The son of Samuel Smalbroke (died 21 May 1701) of Rowington, Warwickshire, by his wife Elizabeth (died 5 May 1722), he was born at 19 High Street, Birmingham. He matriculated at Trinity College, Oxford, on 15 June 1688, aged 15; and was elected demy of Magdalen College in the so-called "golden election" of 1689. He graduated B.A. 1692; M.A. 26 January 1694–5; was elected fellow 1698, and became B.D. on 27 January 1707, and D.D. 1708. In 1709 he was appointed chaplain to Thomas Tenison, archbishop of Canterbury, who gave him (1709) the rectory of Hadleigh, Suffolk; this he held till 1712. He was canon of Hereford Cathedral 1710; vicar of Lugwardine, Herefordshire, 1711; treasurer of Llandaff, 1712, the last to hold that office; and rector of Withington, Gloucestershire, 1716.
In 1723 he was elected, and in 1724 consecrated, to the see of St Davids. He was an active prelate, enforced the reading of the Athanasian creed, and is said to have learned the Welsh language sufficiently to be able to officiate in it. In a charge delivered in August 1728 he commended the treatise on the authority of Scripture by Faustus Socinus; with the result that this work was translated into English by an Anglican clergyman, Edward Coombe, and published in 1731 with a dedication to Queen Caroline of Ansbach.
In 1731 Smalbroke was translated to the diocese of Coventry and Lichfield. Two years later he contributed to the new buildings of Magdalen College. Samuel Pegge the elder accused him of filling the church at Lichfield with his relations. He died on 22 December 1749, and was buried in Lichfield Cathedral.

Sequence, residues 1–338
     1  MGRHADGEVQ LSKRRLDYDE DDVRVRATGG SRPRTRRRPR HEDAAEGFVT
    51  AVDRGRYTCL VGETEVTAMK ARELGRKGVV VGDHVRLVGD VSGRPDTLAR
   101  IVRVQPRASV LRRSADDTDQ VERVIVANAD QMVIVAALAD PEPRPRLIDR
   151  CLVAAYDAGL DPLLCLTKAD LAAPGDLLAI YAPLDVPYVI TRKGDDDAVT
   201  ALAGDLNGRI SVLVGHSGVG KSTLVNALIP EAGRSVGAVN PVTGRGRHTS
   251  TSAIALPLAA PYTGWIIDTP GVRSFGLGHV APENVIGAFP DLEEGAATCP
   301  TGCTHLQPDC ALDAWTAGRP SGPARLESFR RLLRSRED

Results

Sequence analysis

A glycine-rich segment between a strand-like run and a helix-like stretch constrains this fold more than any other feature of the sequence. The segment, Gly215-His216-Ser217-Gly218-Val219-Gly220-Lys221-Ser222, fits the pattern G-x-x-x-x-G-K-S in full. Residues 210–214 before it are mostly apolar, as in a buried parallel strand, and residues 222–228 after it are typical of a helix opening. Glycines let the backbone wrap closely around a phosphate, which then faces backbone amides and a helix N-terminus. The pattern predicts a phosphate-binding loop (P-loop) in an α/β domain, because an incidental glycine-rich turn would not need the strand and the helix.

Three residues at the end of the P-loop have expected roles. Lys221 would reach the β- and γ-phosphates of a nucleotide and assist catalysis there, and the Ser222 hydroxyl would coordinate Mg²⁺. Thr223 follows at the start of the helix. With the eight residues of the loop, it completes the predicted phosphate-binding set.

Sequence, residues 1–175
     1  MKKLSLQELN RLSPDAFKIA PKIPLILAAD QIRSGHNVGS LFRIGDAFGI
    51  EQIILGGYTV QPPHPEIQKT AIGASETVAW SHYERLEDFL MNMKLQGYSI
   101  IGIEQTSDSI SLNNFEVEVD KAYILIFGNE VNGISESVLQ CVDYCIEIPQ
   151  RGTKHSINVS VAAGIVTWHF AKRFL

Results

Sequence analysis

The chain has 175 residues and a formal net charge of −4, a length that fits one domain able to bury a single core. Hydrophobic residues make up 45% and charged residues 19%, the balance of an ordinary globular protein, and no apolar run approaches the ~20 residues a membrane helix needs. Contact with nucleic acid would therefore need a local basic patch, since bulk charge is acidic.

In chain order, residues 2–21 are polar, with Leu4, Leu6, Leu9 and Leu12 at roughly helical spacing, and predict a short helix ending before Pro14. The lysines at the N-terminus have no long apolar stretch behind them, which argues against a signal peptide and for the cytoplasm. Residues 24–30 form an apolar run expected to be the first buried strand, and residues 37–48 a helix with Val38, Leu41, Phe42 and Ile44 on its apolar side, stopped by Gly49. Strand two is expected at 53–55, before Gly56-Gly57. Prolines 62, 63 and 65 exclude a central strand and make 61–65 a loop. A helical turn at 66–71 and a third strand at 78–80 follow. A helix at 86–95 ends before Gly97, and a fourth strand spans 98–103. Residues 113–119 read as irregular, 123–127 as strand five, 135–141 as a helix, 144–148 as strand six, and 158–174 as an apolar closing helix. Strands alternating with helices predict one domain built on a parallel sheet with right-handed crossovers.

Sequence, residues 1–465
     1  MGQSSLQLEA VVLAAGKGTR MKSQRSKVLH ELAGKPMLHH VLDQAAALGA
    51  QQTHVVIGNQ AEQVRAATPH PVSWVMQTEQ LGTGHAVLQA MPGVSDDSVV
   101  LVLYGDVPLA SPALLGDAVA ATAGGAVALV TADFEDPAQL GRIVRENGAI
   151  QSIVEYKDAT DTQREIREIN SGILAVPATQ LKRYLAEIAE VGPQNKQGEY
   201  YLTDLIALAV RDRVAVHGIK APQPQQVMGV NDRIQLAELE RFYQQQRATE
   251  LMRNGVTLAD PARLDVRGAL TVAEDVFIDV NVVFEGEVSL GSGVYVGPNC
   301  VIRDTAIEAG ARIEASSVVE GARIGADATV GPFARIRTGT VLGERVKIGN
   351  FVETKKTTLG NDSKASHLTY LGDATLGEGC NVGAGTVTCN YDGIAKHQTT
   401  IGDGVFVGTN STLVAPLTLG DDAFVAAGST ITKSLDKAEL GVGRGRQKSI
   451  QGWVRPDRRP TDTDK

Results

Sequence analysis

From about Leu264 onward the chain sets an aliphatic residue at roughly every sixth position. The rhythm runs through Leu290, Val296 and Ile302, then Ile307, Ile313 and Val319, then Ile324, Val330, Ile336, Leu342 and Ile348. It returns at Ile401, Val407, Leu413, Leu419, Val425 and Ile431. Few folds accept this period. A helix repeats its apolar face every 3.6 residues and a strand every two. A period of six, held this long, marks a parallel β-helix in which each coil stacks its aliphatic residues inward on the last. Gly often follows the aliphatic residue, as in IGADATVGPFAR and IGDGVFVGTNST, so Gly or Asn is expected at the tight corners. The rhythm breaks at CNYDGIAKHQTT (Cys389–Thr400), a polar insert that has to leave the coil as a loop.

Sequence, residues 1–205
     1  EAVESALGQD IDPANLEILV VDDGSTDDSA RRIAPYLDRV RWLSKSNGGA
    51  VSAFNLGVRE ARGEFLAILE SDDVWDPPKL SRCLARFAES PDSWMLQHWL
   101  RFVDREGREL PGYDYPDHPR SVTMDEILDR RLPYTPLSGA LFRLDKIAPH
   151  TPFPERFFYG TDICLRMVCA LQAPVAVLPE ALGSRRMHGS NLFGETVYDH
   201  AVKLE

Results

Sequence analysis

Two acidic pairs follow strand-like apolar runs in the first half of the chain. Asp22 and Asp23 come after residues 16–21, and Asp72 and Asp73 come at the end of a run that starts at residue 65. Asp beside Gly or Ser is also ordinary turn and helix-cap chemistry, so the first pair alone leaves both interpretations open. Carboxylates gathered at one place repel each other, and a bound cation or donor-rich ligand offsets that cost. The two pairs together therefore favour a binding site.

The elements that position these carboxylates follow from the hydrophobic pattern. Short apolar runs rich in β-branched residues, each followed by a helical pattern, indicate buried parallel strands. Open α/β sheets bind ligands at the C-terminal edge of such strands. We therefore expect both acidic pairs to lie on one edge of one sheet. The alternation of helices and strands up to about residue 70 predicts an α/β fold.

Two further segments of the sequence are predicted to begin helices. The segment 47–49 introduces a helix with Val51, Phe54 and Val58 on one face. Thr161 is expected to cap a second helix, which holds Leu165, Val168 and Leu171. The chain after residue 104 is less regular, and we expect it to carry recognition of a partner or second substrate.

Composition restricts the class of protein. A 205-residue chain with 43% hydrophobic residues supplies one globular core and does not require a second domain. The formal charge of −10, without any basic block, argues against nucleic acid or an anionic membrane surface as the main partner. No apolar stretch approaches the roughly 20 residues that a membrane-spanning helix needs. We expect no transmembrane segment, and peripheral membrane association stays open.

A portrait, painted by T. Murray, was engraved by George Vertue in 1733.
Smalbroke printed in 1706 a university sermon against the view of Henry Dodwell the elder that immortality is conferred by baptism. In 1711 he entered the lists against William Whiston, criticising (1714) Whiston's attempt to place the Clementine literature on a level with the New Testament, and treating (1720) the Arian worship of our Lord as an act of idolatry. In a letter to Richard Bentley (1722) he contributed to the discussion of the authenticity of 1 John v. 7.
Thomas Woolston dedicated to Smalbroke his third Discourse (1728) on the miracles of Christ. Thus challenged, he published an elaborate examination of Woolston's argument. He began by applauding the prosecution of the author he was confuting; Daniel Waterland came in 1730 to his defence. He calculated the mercy which expelled six thousand demons ("legion") from one man, and sent only three apiece into "each hog". In passing he attacked the Quakers, whom Woolston admired.
His charge of 1735 spoke of "extraordinary local efforts to spread popery". In 1744 he charged against Methodists, anticipating George Lavington by his claim that "these new itinerants copy the popish pattern".
Besides sermons and charges, Smalbroke published:
- Reflections on Mr. Whiston's Conduct, 1711, (anon.)
- The New Arian Reproved: or a Vindication of some Reflections, 1711.
- The Pretended Authority of the Clementine Constitutions confuted, 1714.
- Idolatry charged upon Arianism, 1720.
- An Enquiry into the Authority of the … Complutensian Edition of the New Testament, 1722; reprinted in Somers' Tracts, 1809, xiii; and in Thomas Burgess's Selection of Tracts … on 1 John v. 7, 1824.
- A Vindication of the Miracles of our Blessed Saviour, 1729–1731, 2 vols.; for Quaker criticisms of the second volume, see Joseph Smith's Bibliotheca Anti-Quakeriana, 1873, pp. 398 sq.
- Some Account of … John Hough … Bishop of Worcester, 1743, (anon.)
- Some Account of … Edmund Gibson … Bishop of London,’1749, (anon.)
His politics are attacked in Remarks on Two Charges … by a Friend to Truth and Liberty, 1738, signed at the end A Revolutional Tory, and ascribed (improbably) to Josiah Owen.
Smalbroke married a sister of Richard Brooks, M.D., and left three sons and four daughters. The last of his descendants was his son Richard Smalbroke, D.C.L., of All Souls' College, Oxford, who died on 8 May 1805, aged 89, having been chancellor of the diocese of Coventry and Lichfield for sixty-four years. Thomas Smalbroke, a Socinian writer in 1687, was probably related to the bishop.
|Church of England titles|
|Bishop of St David's